Sea stars, particularly sunflower sea stars, are keystone species in the Pacific Northwest. They can grow over twenty limbs and span over a meter across.
Historically, large populations of them inhabited coastal waters and tidepools, they used to be one of the most abundant sea star species along the Pacific coast, and are widely recognizable by their size and color.
In recent years, warming seas fueled by climate change has exacerbated Sea Star Wasting Syndrome, which causes sea stars to dissolve. It’s gotten so bad that their populations are just of fraction of what they used to be. Estimates suggest that recent outbreaks of the pathogen that causes Sea Star Wasting Syndrome have reduced their populations to just 10% compared to historic levels.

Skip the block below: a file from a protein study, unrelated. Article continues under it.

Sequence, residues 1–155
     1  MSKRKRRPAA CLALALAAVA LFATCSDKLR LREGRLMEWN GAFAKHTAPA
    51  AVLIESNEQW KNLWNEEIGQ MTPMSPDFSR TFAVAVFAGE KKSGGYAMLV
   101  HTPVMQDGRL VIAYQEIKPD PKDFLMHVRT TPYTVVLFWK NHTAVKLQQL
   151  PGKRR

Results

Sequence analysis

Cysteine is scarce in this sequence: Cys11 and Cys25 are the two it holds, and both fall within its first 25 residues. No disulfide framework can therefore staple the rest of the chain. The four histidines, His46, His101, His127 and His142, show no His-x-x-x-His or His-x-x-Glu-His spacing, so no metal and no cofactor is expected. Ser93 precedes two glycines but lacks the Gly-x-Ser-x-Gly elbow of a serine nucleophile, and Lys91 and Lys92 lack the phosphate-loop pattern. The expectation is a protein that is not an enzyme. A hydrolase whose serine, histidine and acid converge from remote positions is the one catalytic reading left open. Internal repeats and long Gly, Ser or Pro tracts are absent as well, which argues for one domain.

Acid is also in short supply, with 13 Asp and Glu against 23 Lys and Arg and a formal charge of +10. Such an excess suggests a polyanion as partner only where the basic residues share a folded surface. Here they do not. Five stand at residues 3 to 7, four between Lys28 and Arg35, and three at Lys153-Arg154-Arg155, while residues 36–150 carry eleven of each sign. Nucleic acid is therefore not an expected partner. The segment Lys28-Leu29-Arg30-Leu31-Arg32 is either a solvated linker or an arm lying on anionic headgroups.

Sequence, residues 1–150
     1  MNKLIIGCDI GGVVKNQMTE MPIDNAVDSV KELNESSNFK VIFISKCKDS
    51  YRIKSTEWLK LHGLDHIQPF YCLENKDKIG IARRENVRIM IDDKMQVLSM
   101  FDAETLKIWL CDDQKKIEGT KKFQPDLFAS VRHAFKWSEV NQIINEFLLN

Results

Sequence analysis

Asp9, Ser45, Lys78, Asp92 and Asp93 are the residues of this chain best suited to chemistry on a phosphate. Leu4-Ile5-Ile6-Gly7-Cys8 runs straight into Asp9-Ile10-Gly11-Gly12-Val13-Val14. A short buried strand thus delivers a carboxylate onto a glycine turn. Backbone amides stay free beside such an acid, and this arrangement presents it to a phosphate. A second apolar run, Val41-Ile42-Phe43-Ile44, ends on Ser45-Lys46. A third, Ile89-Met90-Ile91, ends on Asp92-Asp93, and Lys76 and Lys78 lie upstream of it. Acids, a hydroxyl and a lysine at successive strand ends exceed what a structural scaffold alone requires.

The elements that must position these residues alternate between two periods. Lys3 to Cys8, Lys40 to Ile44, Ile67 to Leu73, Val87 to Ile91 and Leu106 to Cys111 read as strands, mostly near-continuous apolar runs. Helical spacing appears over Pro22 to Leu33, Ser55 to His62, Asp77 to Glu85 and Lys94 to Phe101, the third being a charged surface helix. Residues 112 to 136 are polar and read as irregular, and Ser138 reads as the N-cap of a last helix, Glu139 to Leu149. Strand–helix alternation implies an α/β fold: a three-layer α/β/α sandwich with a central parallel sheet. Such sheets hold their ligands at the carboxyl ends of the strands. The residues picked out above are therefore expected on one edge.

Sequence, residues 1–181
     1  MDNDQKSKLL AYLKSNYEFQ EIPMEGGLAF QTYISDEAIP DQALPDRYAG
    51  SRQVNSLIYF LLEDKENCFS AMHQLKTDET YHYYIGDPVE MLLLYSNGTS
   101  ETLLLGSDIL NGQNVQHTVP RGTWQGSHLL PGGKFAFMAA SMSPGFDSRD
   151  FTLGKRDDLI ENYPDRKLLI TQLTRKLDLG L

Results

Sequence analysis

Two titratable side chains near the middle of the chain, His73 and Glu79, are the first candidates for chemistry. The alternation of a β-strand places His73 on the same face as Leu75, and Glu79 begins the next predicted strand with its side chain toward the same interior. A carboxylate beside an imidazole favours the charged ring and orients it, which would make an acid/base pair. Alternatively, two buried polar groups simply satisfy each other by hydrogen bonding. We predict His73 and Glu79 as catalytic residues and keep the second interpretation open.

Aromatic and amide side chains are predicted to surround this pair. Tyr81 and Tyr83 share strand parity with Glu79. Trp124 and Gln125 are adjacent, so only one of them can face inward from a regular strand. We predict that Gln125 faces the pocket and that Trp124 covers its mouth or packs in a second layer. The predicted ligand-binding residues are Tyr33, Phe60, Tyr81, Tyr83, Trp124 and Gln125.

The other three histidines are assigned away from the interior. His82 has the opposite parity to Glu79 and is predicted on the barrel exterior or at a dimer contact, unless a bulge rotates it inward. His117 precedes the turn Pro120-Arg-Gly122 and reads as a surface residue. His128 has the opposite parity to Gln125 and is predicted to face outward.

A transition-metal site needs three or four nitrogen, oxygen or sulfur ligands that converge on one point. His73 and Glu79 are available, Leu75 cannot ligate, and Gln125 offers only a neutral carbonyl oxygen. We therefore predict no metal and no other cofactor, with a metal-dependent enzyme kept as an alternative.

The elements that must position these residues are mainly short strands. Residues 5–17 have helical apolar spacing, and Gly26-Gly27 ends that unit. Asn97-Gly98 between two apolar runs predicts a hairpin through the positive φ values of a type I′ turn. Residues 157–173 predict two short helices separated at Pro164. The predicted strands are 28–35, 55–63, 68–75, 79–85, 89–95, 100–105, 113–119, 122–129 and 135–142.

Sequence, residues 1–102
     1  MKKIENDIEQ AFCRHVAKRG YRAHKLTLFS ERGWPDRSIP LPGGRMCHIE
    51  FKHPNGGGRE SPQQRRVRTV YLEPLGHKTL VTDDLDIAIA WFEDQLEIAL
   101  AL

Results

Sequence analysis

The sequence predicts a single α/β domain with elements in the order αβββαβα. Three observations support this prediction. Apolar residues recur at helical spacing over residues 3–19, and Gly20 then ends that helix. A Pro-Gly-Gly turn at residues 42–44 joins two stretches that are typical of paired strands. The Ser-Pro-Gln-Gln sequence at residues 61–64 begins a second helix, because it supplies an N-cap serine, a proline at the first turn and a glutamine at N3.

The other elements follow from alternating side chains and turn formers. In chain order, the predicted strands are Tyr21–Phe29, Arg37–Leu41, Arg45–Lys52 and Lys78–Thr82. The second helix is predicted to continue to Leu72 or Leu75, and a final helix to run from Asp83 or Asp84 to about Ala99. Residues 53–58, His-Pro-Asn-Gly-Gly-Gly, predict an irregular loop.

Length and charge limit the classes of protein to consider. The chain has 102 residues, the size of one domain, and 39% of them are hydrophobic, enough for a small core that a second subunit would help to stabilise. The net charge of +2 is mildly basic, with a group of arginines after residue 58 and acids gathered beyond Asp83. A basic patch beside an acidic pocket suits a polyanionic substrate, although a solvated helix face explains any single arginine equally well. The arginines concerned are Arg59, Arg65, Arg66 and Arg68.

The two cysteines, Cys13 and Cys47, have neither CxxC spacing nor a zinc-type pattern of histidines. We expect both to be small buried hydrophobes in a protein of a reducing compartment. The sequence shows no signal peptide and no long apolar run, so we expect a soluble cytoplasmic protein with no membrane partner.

As a species, these sea stars are critically important and effective predators for purple sea urchins, which if unregulated, destroy kelp beds that serve as massive carbon sinks in a warming world, and as habitat for species like Dungeness crab and octopus. Without kelp, ecosystems all along the Pacific Coast would collapse, making it a priority for these sea stars to make a comeback.
Earlier this week, officials from the National Oceanic and Atmospheric Administration (NOAA) submitted a proposal to federally list the sunflower sea star under the Endangered Species Act. If approved, the “threatened” designation would give this species additional protections to improve their population numbers over time.
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